Spain 1881 – France 1973
Femme torero. (Female bullfighter.)
[Femme torero II (Female bullfighter II): from The Vollard Suite [SV no. 22]] 20 June 1934
Collection Title: from the Vollard Suite (22)
Materials & Technique: prints, intaglio etching, printed in black ink. Support: paper
The National Gallery of Australia is fortunate to own a complete set of 100 etchings, engravings and aquatints from the 1930s known as the Vollard Suite and made by the incomparable twentieth-century artist, Pablo Picasso. It is named after Ambroise Vollard, his sometime art dealer and publisher. The suite contains many themes that were close to Picasso’s heart: dominating are the classically derived subjects of the Minotaur (the irrational half man–half beast) and Pygmalion (the artist obsessed by his model); as well as the bullfight.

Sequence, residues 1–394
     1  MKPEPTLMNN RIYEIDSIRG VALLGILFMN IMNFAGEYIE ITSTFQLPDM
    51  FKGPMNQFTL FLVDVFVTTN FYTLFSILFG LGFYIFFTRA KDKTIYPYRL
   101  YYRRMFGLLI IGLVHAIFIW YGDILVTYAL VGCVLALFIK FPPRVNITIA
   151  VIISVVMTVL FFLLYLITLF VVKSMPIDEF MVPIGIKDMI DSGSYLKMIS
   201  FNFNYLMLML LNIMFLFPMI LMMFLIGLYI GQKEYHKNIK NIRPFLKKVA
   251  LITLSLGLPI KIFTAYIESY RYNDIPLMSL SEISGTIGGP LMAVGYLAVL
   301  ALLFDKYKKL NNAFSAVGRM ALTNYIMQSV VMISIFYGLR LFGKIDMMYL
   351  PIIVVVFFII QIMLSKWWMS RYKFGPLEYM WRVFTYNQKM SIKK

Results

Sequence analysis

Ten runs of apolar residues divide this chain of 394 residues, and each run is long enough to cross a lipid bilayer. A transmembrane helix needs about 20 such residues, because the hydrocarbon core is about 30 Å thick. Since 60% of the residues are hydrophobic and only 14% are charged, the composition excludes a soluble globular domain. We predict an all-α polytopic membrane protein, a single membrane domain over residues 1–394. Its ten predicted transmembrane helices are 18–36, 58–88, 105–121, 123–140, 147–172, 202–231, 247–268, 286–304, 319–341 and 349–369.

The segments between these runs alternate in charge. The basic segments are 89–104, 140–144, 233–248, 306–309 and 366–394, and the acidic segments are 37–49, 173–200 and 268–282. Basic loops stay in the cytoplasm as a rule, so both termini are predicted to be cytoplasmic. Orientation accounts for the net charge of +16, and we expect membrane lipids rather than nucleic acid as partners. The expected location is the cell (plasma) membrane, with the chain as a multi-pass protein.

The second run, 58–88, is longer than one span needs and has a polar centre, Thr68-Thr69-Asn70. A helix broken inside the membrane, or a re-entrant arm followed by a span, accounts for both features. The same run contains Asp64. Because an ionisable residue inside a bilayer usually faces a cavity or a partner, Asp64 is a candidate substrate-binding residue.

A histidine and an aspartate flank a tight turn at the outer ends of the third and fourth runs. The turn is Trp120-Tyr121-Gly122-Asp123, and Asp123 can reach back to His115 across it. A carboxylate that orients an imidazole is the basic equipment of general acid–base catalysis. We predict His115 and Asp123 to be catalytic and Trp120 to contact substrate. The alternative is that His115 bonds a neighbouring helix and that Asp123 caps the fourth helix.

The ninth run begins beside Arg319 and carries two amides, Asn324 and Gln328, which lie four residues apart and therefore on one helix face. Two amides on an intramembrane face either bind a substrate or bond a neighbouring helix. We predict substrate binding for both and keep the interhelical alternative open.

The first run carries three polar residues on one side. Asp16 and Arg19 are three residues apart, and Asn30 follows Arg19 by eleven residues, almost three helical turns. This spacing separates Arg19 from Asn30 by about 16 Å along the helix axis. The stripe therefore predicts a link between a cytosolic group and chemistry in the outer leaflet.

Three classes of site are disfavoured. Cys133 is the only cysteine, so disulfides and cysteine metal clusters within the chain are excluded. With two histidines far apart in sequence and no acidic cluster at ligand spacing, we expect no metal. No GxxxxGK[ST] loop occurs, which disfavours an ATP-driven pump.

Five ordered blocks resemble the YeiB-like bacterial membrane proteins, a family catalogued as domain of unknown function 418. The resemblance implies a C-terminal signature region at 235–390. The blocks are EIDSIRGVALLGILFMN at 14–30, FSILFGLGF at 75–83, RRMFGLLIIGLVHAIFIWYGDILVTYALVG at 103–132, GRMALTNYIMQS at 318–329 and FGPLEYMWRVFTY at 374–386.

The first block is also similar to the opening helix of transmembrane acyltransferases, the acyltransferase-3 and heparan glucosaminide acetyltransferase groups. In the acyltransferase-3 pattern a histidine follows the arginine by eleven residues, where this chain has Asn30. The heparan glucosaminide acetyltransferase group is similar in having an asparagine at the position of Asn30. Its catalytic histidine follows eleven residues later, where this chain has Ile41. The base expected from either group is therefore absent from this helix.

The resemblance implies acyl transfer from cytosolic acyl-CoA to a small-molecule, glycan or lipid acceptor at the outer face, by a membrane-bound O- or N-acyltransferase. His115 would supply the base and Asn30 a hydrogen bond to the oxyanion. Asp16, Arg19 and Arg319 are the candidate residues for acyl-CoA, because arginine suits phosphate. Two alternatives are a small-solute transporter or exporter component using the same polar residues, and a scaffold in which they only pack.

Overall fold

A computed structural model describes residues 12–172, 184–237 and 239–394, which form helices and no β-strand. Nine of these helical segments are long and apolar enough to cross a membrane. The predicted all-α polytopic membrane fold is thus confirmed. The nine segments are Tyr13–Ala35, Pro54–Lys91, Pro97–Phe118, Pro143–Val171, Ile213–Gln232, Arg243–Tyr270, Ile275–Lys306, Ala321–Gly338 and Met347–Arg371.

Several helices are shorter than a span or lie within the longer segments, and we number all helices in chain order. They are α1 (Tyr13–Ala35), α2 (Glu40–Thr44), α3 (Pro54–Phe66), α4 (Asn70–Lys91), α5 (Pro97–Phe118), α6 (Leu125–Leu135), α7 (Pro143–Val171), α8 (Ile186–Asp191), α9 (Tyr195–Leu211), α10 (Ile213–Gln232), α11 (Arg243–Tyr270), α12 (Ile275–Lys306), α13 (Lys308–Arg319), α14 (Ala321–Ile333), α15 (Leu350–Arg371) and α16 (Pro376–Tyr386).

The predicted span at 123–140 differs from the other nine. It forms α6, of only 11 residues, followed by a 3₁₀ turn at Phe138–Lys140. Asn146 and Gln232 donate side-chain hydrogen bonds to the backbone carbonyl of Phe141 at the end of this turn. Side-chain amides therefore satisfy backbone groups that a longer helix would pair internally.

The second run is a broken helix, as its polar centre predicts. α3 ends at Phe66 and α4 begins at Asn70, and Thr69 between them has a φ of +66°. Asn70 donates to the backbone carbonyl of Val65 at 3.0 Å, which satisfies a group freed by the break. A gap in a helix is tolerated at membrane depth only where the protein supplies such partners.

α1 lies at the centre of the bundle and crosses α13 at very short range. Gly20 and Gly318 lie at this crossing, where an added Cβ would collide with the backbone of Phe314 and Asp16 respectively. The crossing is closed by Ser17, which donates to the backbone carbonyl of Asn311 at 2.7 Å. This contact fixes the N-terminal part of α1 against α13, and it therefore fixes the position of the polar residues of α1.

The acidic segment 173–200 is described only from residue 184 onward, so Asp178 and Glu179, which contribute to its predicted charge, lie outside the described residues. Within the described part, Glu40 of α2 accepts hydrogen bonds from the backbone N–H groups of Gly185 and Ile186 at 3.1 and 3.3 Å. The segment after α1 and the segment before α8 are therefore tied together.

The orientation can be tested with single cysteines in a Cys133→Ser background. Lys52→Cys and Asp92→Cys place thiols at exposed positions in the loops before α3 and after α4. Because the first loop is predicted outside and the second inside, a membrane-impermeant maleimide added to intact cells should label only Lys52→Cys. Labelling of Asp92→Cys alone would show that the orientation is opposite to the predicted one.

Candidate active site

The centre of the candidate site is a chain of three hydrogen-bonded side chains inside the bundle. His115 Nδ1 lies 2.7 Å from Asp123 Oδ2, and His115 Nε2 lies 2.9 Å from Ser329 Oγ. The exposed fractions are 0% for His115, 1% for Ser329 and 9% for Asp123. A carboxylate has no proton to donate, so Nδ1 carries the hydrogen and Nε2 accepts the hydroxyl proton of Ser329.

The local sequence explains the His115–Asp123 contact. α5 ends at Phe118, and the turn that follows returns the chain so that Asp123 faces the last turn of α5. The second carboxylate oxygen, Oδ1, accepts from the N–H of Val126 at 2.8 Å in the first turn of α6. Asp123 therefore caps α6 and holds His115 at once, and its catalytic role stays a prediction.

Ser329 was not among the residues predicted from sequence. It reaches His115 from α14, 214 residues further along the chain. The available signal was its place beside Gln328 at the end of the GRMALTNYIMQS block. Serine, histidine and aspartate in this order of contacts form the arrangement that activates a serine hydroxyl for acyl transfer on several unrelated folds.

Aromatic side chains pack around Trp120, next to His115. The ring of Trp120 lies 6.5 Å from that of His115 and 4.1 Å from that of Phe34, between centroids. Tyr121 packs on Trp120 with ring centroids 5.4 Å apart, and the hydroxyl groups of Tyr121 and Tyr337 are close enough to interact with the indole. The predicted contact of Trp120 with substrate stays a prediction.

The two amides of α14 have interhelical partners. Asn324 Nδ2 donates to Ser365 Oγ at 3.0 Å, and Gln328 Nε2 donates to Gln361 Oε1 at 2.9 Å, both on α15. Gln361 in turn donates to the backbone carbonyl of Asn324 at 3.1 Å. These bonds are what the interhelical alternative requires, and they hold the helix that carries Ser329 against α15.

In this series, Picasso explored legends depicting mythic themes of love and bestiality, in all kinds of mutations: the figure of the bullfighter may be either male or female; the bull, the horse or the Minatour may appear in the ring of a bullfight, or in related scenes of erotica or acts of rape and carnage. For this composition, Picasso depicts a naked female toreador lying slain on the back of a bull, her terrified horse rearing up over her. The composition is brutal and the frenetic etched marks and cross-hatching evoke darkness and dread. Yet in the midst of the fray, as if lit from above, the beautiful young bullfighter is shown in classical profile, at peace, using spare, delicate lines.
By chance, in 1927, Picasso met a young woman, Marie-Thérèse Walter, outside the department store of Galerie Lafayette. He was immediately taken with her physical appearance and her pronounced classical profile. She became both lover and inspiration for Picasso’s art and appears in many of the images of the Vollard Suite including this female bullfighter.
Text © National Gallery of Australia, Canberra 2014
From: Collection highlights: National Gallery of Australia, National Gallery of Australia, Canberra, 2014